HONG KONG: Alibaba Group Holding Ltd. is set to raise about HK$88 billion ($11.2 billion) in its Hong Kong stock offering after telling investors it plans to price the shares at HK$176 each, people with knowledge of the matter said.
The potential price represents a 2.9% discount to the last close of Alibaba’s American depository shares in New York, with each equal to eight ordinary shares of the internet company. This Hong Kong share sale marks one of the largest globally this year and the biggest for the city since 2010.
The final price hasn’t been formally set, according to the people, who asked not to be identified because the information is private. The offering was covered by multiple times and the company stopped taking investor orders earlier than scheduled, the people said. A representative for Alibaba declined to comment.
The mega share sale comes as Hong Kong’s economy has been hurt by months of increasingly violent protests and growing anti-China sentiment. Alibaba’s return will please Chinese officials who’ve watched many of the country’s largest private firms flock overseas for capital. With a Hong Kong listing in sight, Alibaba will challenge Tencent Holdings Ltd. for the title of the largest listed corporation in the city.
Why Now, and Why Hong Kong, for Alibaba’s Share Sale?: QuickTake Alibaba is selling 500 million new shares, initially 12.5 million of which were set aside for individual investors, it said in a statement last week. The company has allocated more shares for individual investors, raising the ratio to 10% from 2.5% of the total offering, one of the people said. Alibaba has an over-allotment option to sell an additional 75 million shares.
The company is planning to have its shares start trading Nov. 26 on the Hong Kong exchange under the ticker "9988”. Eight is an auspicious number in Chinese culture.
Hong Kong is no stranger to Alibaba as the tech giant once listed its business-to-business platform in the city in 2007. Shares of Alibaba.com tripled at debut on overwhelmingly strong investor demand for technology companies. The enthusiasm didn’t last and the stock plunged later. Alibaba took the platform private in 2012 at HK$13.5 each, which was the IPO offer price five years earlier.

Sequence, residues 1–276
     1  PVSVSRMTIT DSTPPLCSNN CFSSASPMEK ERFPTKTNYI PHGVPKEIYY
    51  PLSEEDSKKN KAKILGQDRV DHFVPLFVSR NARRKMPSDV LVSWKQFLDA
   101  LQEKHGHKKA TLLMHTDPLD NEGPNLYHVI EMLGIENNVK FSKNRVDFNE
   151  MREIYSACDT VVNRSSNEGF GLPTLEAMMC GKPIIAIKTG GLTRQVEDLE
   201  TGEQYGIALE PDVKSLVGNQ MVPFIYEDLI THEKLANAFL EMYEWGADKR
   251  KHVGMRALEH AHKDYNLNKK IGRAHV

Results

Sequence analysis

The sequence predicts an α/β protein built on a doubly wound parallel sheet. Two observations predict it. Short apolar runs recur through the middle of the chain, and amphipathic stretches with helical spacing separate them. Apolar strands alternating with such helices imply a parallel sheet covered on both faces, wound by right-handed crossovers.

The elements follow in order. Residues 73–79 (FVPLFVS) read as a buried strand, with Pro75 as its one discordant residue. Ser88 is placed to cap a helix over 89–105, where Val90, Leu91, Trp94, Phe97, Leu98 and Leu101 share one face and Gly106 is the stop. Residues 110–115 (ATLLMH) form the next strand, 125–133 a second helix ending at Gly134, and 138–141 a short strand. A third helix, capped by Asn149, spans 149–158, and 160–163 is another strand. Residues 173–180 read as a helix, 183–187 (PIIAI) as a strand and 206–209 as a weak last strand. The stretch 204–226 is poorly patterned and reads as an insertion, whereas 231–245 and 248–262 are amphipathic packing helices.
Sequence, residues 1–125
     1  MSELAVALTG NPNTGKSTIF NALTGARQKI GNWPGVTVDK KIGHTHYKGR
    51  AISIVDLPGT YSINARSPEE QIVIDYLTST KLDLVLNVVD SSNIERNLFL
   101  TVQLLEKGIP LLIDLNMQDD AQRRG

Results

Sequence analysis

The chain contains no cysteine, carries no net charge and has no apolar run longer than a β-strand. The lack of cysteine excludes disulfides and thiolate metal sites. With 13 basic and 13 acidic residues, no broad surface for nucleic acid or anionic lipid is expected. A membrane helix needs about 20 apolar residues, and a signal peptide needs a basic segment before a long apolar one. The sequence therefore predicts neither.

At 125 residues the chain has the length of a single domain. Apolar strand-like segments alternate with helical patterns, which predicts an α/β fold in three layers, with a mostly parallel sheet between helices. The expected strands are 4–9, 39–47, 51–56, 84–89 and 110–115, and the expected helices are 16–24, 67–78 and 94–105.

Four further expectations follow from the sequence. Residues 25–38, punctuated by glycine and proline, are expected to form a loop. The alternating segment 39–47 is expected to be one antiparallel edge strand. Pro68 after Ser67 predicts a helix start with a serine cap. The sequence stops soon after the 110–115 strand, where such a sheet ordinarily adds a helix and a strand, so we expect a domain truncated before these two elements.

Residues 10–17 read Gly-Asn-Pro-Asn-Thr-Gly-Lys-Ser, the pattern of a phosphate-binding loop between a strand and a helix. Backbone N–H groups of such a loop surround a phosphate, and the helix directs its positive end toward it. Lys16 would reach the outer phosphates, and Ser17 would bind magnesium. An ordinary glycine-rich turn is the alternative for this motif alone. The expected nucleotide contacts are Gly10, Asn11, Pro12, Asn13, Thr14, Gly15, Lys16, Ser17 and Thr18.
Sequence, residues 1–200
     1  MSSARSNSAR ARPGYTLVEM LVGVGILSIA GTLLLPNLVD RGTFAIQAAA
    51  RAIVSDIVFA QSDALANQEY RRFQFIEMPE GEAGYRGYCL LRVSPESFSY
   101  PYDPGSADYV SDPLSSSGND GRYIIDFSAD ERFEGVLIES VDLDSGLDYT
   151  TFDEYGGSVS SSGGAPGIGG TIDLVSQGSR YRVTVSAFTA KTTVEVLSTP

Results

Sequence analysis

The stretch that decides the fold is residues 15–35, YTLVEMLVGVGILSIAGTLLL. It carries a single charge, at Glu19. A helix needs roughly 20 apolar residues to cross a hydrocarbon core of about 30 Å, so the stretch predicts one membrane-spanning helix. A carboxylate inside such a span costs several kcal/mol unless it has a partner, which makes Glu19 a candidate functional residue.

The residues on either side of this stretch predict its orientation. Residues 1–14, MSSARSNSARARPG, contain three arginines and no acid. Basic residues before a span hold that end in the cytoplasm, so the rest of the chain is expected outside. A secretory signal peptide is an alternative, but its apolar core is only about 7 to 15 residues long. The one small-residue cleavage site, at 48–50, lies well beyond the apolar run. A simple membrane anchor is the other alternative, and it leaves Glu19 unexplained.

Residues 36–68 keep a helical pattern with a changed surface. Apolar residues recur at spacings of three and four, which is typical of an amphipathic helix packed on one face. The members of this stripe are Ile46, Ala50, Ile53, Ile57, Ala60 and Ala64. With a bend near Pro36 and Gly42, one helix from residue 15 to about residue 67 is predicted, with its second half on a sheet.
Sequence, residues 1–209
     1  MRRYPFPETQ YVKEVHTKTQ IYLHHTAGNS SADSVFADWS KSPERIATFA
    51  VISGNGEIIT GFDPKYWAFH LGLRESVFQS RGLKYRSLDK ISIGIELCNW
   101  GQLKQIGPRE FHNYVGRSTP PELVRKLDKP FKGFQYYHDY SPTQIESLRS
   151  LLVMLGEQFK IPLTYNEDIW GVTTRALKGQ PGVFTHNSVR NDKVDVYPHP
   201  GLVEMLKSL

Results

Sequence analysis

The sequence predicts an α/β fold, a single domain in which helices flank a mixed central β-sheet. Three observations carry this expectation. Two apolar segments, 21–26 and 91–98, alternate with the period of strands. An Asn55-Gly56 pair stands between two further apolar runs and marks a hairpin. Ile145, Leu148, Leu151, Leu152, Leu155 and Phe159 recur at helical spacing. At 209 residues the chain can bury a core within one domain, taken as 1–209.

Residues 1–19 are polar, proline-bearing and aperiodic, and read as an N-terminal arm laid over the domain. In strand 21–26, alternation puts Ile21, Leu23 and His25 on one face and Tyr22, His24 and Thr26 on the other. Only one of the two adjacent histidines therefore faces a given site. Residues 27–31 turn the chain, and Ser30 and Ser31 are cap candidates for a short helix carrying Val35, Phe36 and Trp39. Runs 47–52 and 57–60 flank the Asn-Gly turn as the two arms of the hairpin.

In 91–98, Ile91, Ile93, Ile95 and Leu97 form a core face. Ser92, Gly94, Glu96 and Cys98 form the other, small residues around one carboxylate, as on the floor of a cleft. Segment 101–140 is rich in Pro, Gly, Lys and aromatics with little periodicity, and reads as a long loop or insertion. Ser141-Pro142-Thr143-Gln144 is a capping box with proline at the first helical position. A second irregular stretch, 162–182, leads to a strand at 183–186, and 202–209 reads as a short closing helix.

In 2014, Alibaba listed its shares in New York in the biggest ever initial public offering. After losing some of China’s brightest technology stars, Hong Kong started looking into allowing dual-class shares. Last year, the city’s bourse introduced new rules to accommodate the structure. The efforts to lure Alibaba went all the way to the top of Hong Kong’s government, with Chief Executive Carrie Lam exhorting billionaire Jack Ma to consider a listing in the financial hub.
A listing in Hong Kong brings Alibaba closer to its home market as well as Chinese investors. The company could become eligible for trading via the two links with China, which allows investors on the other side of the border to buy and sell shares listed in the former British colony.
Read: Alibaba Won’t Join Hong Kong’s Stock Benchmark Any Time Soon Alibaba is "hopeful to be eligible in the future,” its head of investor relations Rob Lin said on an investor call last week.
"The key element as to why this listing here in Hong Kong could be an advantage is the stock connect,” Ken Wong, a Hong Kong-based Asian equity portfolio specialist at Eastspring Investments Hong Kong Ltd., said on Bloomberg Television. "Once Alibaba’s in the stock connect, you have a lot of mainland Chinese investors who can finally start to invest in Alibaba.” Credit Suisse Group AG and China International Capital Corp. are the joint sponsors of the share sale. Citigroup Inc., JPMorgan Chase & Co. and Morgan Stanley are also arranging the deal. - Bloomberg
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